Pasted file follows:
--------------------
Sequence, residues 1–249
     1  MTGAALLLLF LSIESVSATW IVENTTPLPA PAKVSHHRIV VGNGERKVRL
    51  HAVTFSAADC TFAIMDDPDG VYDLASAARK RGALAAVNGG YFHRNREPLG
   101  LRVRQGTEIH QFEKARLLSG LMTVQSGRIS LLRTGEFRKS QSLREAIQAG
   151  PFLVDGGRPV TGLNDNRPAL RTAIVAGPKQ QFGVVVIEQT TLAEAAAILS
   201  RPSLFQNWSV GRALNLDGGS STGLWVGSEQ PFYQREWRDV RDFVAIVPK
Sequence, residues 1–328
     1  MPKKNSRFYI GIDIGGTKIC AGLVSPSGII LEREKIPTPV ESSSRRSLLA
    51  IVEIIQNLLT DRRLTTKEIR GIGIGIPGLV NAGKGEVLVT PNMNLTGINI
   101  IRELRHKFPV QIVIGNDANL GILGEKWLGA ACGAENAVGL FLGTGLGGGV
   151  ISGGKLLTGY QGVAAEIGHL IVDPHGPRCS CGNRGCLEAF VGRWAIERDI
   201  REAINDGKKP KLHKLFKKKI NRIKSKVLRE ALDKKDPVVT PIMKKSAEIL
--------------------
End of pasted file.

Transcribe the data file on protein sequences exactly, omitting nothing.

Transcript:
Sequence, residues 1–249
     1  MTGAALLLLF LSIESVSATW IVENTTPLPA PAKVSHHRIV VGNGERKVRL
    51  HAVTFSAADC TFAIMDDPDG VYDLASAARK RGALAAVNGG YFHRNREPLG
   101  LRVRQGTEIH QFEKARLLSG LMTVQSGRIS LLRTGEFRKS QSLREAIQAG
   151  PFLVDGGRPV TGLNDNRPAL RTAIVAGPKQ QFGVVVIEQT TLAEAAAILS
   201  RPSLFQNWSV GRALNLDGGS STGLWVGSEQ PFYQREWRDV RDFVAIVPK
Sequence, residues 1–328
     1  MPKKNSRFYI GIDIGGTKIC AGLVSPSGII LEREKIPTPV ESSSRRSLLA
    51  IVEIIQNLLT DRRLTTKEIR GIGIGIPGLV NAGKGEVLVT PNMNLTGINI
   101  IRELRHKFPV QIVIGNDANL GILGEKWLGA ACGAENAVGL FLGTGLGGGV
   151  ISGGKLLTGY QGVAAEIGHL IVDPHGPRCS CGNRGCLEAF VGRWAIERDI
   201  REAINDGKKP KLHKLFKKKI NRIKSKVLRE ALDKKDPVVT PIMKKSAEIL